The second contention of appellants is that, in any event, liability for the minor's negligence and the injuries caused thereby attached to respondents under the provisions of subdivision (c) of section 62 of the statute. At the time the accident occurred subdivision (c) contained the following language: “Also any negligence of a minor, whether licensed or not under this act, in driving a motor vehicle upon a public highway with the express or implied permission of a parent or parents having custody of such minor, shall be imputed to such parent or parents, who shall be jointly and severally liable with such minor for any damages caused by such negligence, except in the event the minor is driving a motor vehicle as the agent or servant or upon the business of a person other than the parent or parents.”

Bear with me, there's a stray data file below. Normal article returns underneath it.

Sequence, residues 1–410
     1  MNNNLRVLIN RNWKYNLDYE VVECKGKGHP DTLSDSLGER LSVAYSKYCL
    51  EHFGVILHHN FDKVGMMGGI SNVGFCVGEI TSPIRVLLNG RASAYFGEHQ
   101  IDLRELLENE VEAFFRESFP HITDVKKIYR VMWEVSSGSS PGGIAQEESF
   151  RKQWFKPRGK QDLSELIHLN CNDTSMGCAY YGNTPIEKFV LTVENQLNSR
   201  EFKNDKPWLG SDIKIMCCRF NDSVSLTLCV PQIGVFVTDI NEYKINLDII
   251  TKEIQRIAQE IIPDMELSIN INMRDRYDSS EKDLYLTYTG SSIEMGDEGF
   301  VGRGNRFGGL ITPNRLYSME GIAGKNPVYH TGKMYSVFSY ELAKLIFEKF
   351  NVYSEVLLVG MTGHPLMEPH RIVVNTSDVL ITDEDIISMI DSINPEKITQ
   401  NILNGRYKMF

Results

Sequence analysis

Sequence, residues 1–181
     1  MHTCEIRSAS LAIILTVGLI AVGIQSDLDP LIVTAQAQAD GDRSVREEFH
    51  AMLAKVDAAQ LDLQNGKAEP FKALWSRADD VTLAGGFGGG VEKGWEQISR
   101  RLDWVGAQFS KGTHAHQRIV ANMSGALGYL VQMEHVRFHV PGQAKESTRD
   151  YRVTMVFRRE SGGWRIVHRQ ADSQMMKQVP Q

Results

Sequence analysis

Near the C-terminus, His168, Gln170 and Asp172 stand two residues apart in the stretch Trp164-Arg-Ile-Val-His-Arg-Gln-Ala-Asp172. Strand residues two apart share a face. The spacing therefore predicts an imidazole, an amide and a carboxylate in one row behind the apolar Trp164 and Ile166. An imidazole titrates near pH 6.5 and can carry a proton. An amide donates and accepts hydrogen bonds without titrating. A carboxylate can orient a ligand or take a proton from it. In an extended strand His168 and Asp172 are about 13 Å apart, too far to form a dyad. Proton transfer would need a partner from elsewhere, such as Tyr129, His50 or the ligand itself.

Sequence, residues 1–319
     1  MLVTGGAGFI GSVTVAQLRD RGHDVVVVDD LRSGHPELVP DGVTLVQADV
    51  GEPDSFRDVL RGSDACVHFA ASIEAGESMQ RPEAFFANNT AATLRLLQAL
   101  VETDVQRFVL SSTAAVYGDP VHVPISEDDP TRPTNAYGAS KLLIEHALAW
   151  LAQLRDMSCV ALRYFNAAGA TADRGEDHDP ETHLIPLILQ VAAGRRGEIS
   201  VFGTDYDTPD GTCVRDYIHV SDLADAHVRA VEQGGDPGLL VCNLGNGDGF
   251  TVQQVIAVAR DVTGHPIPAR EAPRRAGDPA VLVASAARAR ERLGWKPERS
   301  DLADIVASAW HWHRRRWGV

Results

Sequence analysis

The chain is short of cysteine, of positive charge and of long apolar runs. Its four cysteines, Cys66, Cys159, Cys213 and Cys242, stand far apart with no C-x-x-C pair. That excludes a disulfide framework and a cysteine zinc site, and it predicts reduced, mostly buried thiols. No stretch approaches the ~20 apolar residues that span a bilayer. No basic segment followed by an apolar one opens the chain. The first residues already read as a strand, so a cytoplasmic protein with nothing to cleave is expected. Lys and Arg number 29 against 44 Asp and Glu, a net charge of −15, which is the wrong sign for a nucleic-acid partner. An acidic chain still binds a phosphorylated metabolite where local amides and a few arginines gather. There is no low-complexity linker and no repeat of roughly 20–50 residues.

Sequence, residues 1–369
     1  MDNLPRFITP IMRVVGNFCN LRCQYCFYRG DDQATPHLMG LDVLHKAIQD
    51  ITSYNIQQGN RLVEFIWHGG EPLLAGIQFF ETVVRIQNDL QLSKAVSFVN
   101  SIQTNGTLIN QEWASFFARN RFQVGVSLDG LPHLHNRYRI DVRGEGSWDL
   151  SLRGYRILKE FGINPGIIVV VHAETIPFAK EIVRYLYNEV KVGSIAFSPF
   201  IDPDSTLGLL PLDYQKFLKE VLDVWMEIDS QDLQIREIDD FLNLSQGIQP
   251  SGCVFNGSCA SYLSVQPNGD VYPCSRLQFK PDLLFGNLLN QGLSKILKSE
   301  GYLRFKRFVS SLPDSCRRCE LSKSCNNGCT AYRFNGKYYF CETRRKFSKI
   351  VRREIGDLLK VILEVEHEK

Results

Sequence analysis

From the above–quoted language it is apparent that it was incumbent upon appellants, in order to fasten liability upon respondents for the minor's negligence, to establish two necessary facts. These facts were, first, that at the time the collision occurred respondents had custody of the minor and, second, that they had given to the minor their permission, either express or implied, to his driving the automobile by the negligent operation of which the injuries were caused. For the purposes of this opinion it will be assumed that the first of the above–stated facts was established although it must be observed that it is not certain from the very meager evidence relating thereto which appears in the transcript that such was the case.